BackgroundSerosurveys for SARS-CoV-2 aim to estimate the proportion of the population that has been infected.AimThis observational study assesses the seroprevalence of SARS-CoV-2 antibodies in Ontario, Canada during the first pandemic wave.MethodsUsing an orthogonal approach, we tested 8,902 residual specimens from the Public Health Ontario laboratory over three time periods during March-June 2020 and stratified results by age group, sex and region. We adjusted for antibody test sensitivity/specificity and compared with reported PCR-confirmed COVID-19 cases.ResultsAdjusted seroprevalence was 0.5% (95% confidence interval (CI): 0.1-1.5) from 27 March-30 April, 1.5% (95% CI: 0.7-2.2) from 26-31 May, and 1.1% (95% CI: 0.8-1.3) from 5-30 June 2020. Adjusted estimates were highest in individuals aged ≥ 60 years in March-April (1.3%; 95% CI: 0.2-4.6), in those aged 20-59 years in May (2.1%; 95% CI: 0.8-3.4) and in those aged ≥ 60 years in June (1.6%; 95% CI: 1.1-2.1). Regional seroprevalence varied, and was highest for Toronto in March-April (0.9%; 95% CI: 0.1-3.1), for Toronto in May (3.2%; 95% CI: 1.0-5.3) and for Toronto (1.5%; 95% CI: 0.9-2.1) and Central East in June (1.5%; 95% CI: 1.0-2.0). We estimate that COVID-19 cases detected by PCR in Ontario underestimated SARS-CoV-2 infections by a factor of 4.9.ConclusionsOur results indicate low population seroprevalence in Ontario, suggesting that public health measures were effective at limiting the spread of SARS-CoV-2 during the first pandemic wave.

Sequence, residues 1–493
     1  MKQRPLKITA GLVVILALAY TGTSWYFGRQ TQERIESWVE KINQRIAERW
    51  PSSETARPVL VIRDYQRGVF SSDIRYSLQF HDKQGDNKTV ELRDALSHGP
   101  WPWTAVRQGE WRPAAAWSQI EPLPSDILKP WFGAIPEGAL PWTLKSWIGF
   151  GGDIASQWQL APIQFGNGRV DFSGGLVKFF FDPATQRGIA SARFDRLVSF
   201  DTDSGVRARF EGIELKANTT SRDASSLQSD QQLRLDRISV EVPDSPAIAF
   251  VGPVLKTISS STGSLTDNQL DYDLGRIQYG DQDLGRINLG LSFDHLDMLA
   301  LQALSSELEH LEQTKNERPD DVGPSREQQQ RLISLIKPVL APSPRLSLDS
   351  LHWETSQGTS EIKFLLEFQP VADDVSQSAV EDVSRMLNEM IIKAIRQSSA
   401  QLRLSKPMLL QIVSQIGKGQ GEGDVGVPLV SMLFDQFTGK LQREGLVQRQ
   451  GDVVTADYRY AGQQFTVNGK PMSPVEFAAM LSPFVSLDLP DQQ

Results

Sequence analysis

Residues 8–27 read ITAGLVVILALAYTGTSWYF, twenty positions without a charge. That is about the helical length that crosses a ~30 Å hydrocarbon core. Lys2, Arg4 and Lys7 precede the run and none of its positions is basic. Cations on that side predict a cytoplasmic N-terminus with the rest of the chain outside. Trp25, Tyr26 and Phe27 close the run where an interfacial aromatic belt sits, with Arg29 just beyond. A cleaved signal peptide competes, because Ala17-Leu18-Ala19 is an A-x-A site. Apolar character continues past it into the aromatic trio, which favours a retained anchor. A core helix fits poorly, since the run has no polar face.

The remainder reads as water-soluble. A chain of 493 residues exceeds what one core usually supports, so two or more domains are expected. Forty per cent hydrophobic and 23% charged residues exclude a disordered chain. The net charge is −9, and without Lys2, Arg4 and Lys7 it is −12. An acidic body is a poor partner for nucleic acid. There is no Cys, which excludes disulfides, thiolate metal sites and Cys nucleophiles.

Subject(s)
COVID-19 , SARS-CoV-2 , Antibodies, Viral , Humans , Ontario/epidemiology , Pandemics , Seroepidemiologic Studies
6.
Occup Environ Med ; 2022 Jan 12.
Article in English | MEDLINE | ID: covidwho-1622075

ABSTRACT

OBJECTIVES: The objective of our study was to estimate the rate of workplace outbreak-associated cases of COVID-19 by industry in labour market participants aged 15-69 years who reported working the majority of hours outside the home in Ontario, Canada. METHODS: We conducted a population-based cross-sectional study of COVID-19 workplace outbreaks and associated cases reported in Ontario between 1 April 2020 and 31 March 2021. All outbreaks were manually classified into two-digit North American Industry Classification System codes. We obtained monthly denominator estimates from the Statistics Canada Labour Force Survey to estimate the incidence of outbreak-associated cases per 100 000 000 hours among individuals who reported the majority of hours were worked outside the home. We performed this analysis across industries and in three distinct time periods. RESULTS: Overall, 12% of cases were attributed to workplace outbreaks among working-age adults across our study period. While incidence varied across the time periods, the five industries with the highest incidence rates across our study period were agriculture, healthcare and social assistance, food manufacturing, educational services, and transportation and warehousing. CONCLUSIONS: Certain industries have consistently increased the incidence of COVID-19 over the course of the pandemic. These results may assist in ongoing efforts to reduce transmission of COVID-19 by prioritising resources, as well as industry-specific guidance, vaccination and public health messaging.

8.
CMAJ ; 193(24): E921-E930, 2021 06 14.
Article in French | MEDLINE | ID: covidwho-1551317

ABSTRACT